There has been considerable interest among City of Newport Beach property owners about undergrounding existing overhead utility lines. Following are a number of frequently asked questions regarding undergrounding utilities and forming underground utility assessment districts. General Information
What is an underground utility assessment district?
An underground utility assessment district is a special district formed by a local government agency, such as the City of Newport Beach, at the request of local property owners for the purpose of undergrounding utilities in the public right-of-way. The district includes all property owners that will directly benefit from the undergrounding improvements. How is an underground utility assessment district formed?
Under Proposition 218, a majority of property owners that will benefit from the proposed improvements must vote in favor of forming the district. The process begins when property owners submit a letter of interest
to the City. After City staff and the utility companies perform some preliminary work, a bond counsel is retained and a petition
, which includes a cost estimate, is circulated among the local property owners. If at least 60 percent of the property owners express interest, the process continues and an Engineer’s Report is created. This report is important because it includes the assessment amount – the share of the improvement costs that each property owner would pay. A ballot is prepared and mailed to each property owner who then votes for or against forming the district. What is an assessment?
An assessment is a levy or charge against private property for improvements such as undergrounding utilities. What is involved in utility undergrounding?
All existing overhead utilities such as electric, cable television and telephone poles and wires are removed and the wires are placed in underground conduit. In the public right-of-way, this involves trenching, laying conduit lines in the trenches, installing new utility vaults, backfilling, repaving the street and removing the overhead poles and wires. Property owners are responsible for the "private conversion" portion of the project. What are the advantages and disadvantages of undergrounding?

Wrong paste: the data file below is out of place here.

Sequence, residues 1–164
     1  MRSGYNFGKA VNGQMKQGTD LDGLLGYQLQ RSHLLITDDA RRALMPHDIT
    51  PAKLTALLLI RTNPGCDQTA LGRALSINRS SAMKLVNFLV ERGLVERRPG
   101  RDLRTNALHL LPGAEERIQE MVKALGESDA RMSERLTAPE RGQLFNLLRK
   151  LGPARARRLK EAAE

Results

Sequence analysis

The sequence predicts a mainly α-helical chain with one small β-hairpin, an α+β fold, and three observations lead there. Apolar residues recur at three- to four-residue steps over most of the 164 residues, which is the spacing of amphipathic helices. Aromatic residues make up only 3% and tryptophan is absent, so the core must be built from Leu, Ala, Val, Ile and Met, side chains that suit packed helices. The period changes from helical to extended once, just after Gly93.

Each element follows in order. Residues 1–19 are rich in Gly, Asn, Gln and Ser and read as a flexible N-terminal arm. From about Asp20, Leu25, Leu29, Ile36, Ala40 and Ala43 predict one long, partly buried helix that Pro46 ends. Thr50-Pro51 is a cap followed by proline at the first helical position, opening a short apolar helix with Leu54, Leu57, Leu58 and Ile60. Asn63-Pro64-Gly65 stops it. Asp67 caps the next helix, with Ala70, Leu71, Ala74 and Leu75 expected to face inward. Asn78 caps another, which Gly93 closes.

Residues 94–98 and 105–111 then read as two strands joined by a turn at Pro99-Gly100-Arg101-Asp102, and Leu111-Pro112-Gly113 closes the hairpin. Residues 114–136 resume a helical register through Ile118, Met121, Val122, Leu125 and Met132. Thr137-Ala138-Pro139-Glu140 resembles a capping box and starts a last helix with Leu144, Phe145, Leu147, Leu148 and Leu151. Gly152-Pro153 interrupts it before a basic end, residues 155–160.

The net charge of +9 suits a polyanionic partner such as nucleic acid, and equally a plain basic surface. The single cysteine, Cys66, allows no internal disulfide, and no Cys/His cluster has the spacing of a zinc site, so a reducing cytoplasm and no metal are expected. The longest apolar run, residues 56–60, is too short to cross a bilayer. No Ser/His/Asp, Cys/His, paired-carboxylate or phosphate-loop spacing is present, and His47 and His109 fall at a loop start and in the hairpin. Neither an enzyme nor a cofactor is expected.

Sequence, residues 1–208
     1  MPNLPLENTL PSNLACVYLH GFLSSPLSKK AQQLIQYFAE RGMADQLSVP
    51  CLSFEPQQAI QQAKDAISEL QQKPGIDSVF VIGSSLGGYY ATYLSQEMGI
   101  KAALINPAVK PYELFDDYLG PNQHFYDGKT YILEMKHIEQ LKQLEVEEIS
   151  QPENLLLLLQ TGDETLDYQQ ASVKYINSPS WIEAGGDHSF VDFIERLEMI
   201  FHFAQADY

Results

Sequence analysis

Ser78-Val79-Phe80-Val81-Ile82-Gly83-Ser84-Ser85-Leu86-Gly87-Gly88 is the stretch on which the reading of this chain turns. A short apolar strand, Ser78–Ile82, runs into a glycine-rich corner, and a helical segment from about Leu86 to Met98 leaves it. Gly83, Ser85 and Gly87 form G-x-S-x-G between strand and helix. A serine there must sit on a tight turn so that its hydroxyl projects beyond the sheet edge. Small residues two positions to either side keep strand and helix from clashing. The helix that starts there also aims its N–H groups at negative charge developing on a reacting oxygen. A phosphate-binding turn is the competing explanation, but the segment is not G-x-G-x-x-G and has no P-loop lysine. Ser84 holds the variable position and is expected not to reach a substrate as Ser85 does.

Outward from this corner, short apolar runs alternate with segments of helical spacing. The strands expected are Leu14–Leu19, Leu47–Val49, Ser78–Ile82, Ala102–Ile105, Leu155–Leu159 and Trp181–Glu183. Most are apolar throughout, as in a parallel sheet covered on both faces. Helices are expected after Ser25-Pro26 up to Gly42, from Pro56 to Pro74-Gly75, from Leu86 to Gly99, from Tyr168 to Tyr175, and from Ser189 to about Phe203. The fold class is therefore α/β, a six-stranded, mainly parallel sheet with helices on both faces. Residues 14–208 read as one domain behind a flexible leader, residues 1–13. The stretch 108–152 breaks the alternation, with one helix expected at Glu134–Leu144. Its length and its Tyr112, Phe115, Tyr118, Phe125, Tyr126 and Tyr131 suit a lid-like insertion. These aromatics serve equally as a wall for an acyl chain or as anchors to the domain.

The main advantages to utility undergrounding include improved aesthetics, system reliability and safety. Some proponents believe that undergrounding increases property values. The disadvantages include the cost and inconvenience caused by construction. What is Rule 20?
The California Public Utilities Commission's Rule 20 sets policies and procedures for converting overhead utilities (electric, telephone, cable television) and other equipment to underground facilities. Under Rule 20, undergrounding projects can be financed by utility rate money, combined rate funds and local tax proceeds, or private funds depending upon what section of the Rule is applicable.
- Rule 20A projects are paid for by the utility companies as directed by the Public Utilities Commission. In order to qualify for full funding, projects must provide a benefit to the general public and the utilities must be located within a civic, recreational, or scenic area or along an arterial or major collector road in a local government's general plan.
- Rule 20B allows property owners who do not quality for Rule 20A funds to form an underground utility assessment district.
- Rule 20C enables a property owner to privately fund the undergrounding of overhead facilitates if neither Rule 20A nor 20B applies.